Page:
Evidence suggests the promised benefits are a mirage for most of the people affected by oil palm expansion. An assessment of Golden Veroleum’s massive holdings in southeast Liberia found that most of the 14,000 people living in the concession area would lose access to farmland and forest they rely on for additional food, fuel and building supplies; this in exchange for jobs for only around 1,650 community members. Attempting to put a monetary value on the trade-off, the consultants calculated a net loss to the community of $7.3 million per year.
Studies of long-term impacts of plantations in Indonesia bear this out. Researchers found that while many communities already strongly integrated into market economies did enjoy overall benefits with the expansion of corporate oil palm plantations, subsistence-based communities suffered declining health, nutrition, and living standards.
After a troubled start in Liberia, Sime Darby pulls out
Faced with resistance on the ground, palm oil producers are also finding West and Central Africa to be other than the promised land.
Sime Darby was one of the first major investors to roll the dice on Africa. A Malaysian company with a market capitalization of nearly $5 billion, in 2009 it signed a 63-year lease to develop a 220,000-hectare (544,000-acre) plantation in western Liberia. Almost immediately, the concession ran into trouble. Local activists accused the company of failing to secure consent from community members, undercompensating them for destroyed crops, and clearing areas used for religious rituals. Environmental groups pointed out that the company’s plans to expand into “high conservation value” forests would have devastating effects on biodiversity.
In response, Sime Darby agreed to rework its procedures for acquiring and developing land. In 2014, wary of further damage to its international image, it agreed to abide by strict “no deforestation” standards. But executives warned that they were losing money, with one saying that the company “never realized land would be this painful to secure.”
Last month, Sime Darby announced its plans to exit Liberia by the end of this year, saying it was actively looking to sell its concession to another company. According to GRAIN’s report, in the decade since Sime Darby signed its deal with the Liberian government, it managed to plant only 10,401 hectares (25,701 acres) of its 220,000-hectare concession.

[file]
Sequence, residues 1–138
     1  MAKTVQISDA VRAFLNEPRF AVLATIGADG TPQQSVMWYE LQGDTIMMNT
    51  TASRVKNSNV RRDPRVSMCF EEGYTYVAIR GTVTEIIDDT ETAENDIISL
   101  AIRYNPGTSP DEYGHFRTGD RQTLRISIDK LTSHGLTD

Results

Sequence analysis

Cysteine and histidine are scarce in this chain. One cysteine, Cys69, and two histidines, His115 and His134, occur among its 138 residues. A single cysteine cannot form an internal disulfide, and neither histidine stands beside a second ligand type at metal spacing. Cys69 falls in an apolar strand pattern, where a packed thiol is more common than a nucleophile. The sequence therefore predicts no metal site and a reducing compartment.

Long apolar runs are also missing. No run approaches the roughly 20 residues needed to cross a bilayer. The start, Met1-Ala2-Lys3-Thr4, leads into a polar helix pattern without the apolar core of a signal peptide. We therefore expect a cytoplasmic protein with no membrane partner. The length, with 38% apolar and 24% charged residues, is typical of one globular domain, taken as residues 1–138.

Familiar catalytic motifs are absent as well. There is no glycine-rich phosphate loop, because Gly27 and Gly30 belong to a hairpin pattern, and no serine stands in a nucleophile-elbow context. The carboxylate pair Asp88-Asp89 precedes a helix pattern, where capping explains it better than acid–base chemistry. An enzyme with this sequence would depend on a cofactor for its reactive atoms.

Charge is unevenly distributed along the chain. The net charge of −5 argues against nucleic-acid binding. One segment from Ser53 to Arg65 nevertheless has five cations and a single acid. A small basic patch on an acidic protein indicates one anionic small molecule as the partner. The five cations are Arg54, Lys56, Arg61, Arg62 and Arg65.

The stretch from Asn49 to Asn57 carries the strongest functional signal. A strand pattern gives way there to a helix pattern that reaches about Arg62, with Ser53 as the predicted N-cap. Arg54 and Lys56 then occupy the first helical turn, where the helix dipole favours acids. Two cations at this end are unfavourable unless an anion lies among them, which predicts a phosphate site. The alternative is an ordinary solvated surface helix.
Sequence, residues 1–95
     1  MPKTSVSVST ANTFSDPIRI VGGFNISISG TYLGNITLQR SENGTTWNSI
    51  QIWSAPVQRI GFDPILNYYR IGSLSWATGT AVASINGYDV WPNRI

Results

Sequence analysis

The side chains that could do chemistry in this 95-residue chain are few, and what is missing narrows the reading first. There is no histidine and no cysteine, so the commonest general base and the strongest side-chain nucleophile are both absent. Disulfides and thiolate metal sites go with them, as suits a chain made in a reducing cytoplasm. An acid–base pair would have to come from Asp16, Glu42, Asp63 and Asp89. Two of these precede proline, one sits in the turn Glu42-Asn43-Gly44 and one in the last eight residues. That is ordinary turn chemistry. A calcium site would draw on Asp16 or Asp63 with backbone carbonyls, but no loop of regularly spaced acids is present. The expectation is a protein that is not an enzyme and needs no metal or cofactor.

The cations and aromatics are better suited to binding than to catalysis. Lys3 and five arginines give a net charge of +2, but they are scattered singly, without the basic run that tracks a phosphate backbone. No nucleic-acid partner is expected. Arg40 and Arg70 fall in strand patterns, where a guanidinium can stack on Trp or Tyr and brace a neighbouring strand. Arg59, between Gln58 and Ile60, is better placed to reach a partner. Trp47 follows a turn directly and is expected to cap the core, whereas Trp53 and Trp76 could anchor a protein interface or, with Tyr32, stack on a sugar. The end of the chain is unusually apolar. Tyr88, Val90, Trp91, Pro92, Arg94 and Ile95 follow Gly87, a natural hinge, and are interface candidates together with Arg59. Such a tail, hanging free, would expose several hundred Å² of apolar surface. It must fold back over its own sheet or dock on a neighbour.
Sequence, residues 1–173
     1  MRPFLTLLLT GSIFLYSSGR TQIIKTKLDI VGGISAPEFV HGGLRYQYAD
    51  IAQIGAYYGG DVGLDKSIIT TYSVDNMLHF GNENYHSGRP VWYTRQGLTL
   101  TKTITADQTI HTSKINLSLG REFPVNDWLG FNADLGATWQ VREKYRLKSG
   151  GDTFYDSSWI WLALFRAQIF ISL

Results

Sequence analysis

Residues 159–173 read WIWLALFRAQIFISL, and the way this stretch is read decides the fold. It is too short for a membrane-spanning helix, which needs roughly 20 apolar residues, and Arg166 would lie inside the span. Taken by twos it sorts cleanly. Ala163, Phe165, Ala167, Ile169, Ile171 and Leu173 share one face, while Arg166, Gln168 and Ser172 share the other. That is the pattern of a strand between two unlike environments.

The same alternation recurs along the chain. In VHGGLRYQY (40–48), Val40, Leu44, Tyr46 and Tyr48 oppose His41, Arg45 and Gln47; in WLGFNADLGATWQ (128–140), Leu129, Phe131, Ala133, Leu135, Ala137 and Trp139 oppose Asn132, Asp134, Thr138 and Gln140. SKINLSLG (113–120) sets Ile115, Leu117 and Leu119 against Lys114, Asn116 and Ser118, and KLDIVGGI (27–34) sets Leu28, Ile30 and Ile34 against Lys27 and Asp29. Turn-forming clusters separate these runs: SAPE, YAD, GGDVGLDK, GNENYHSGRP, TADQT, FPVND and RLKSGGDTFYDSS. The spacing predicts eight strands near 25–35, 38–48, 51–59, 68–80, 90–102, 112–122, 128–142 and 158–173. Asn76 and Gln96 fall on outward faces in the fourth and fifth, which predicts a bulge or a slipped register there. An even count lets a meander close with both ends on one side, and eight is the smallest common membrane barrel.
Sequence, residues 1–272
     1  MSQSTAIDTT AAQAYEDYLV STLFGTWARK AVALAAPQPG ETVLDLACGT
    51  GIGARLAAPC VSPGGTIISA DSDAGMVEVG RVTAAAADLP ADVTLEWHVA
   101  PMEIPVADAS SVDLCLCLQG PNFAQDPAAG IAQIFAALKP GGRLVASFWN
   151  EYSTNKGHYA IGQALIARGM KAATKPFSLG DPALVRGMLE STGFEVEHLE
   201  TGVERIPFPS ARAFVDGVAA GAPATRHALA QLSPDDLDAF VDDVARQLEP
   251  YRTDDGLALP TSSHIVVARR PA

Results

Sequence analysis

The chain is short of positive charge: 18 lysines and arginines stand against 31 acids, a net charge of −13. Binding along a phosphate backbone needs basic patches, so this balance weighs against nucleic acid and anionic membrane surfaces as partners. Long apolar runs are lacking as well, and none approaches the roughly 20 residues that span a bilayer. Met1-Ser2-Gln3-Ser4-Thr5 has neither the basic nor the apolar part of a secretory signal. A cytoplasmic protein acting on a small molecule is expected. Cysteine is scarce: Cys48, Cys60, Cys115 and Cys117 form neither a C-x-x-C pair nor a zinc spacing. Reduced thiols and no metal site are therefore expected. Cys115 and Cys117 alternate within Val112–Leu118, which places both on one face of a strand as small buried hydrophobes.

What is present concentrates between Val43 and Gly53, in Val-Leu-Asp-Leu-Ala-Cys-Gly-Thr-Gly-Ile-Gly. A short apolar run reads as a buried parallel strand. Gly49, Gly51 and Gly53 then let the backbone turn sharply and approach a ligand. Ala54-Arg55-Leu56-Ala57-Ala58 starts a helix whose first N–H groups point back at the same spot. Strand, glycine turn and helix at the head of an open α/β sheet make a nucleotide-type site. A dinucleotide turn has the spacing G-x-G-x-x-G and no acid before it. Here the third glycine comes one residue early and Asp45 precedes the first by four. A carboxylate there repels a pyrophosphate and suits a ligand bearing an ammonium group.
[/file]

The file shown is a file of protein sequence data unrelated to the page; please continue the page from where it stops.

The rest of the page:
“They realized it wasn’t going to be profitable, and the output is a lot lower than they ever expected,” said Matthew Piotrowski of Chain Reaction Research, a publication that provides sustainability risk assessments for investors. “A lot of this land isn’t able to be developed, so they’d be continuing to operate at a loss.”
Similar events have played out in other high-profile concessions in the region. After sustained resistance and campaigning by communities in Cameroon, U.S.-based Herakles Farms had the size of its concession reduced from 73,000 to 19,843 hectares (180,400 to 49,033 acres). The investors backing the project subsequently sold their stake, and reports indicate its new owners are struggling to develop an even smaller area.
Kuyek says that some companies likely expected that the governments who offered them the deals would be more aggressive in helping them secure land from communities:
“If they’re going from the Indonesia context, the expectation they probably had was the government and army would ensure they had access to the land.”
With the unexpectedly high costs of acquiring land piling up, other companies are likely to follow Sime Darby’s lead. Some advocates fear they could be replaced by investors who are less concerned about their international image and more willing to flout social and environmental regulations. But Kuyek says that as the bigger players withdraw, smaller companies will struggle to raise the capital they need to develop the massive tracts of land.
“A lot of them now understand how difficult it is to set up these large-scale plantations in Africa, and that’s a good thing,” he said.
CORRECTION: This article originally stated the report was written by GRAIN; it is in fact a collaborative effort involving
ADAPPE-Guinée, CDCH (Congo-Brazzaville), COPACO (DRC), Culture Radio (Sierra Leone), Joegbahn Land Protection Organization (Liberia), JVE Côte d’Ivoire, Muyissi Environnement (Gabon), NRWP (Liberia), RADD (Cameroon), REFEB (Côte d’Ivoire), RIAO-RDC (DRC), SEFE (Cameroon), SiLNoRF (Sierra Leone), Synaparcam (Cameroon), YETIHO (Côte d’Ivoire), YVE Ghana, Bread for All, WRM and GRAIN
Giovanni Strona, Simon D. Stringer, Ghislain Vieilledent, Zoltan Szantoi, John Garcia-Ulloa, and Serge A. Wich (2018)
Proceedings of the National Academy of Sciences 115(35). doi:10.1073/pnas.1804775115
Banner image: Palm oil fruits on plantation belonging to local residents in the Pujehun district of Sierra Leone. Photo: Maja Hitij/FIANBelgium (CC-NC-ND 2.0)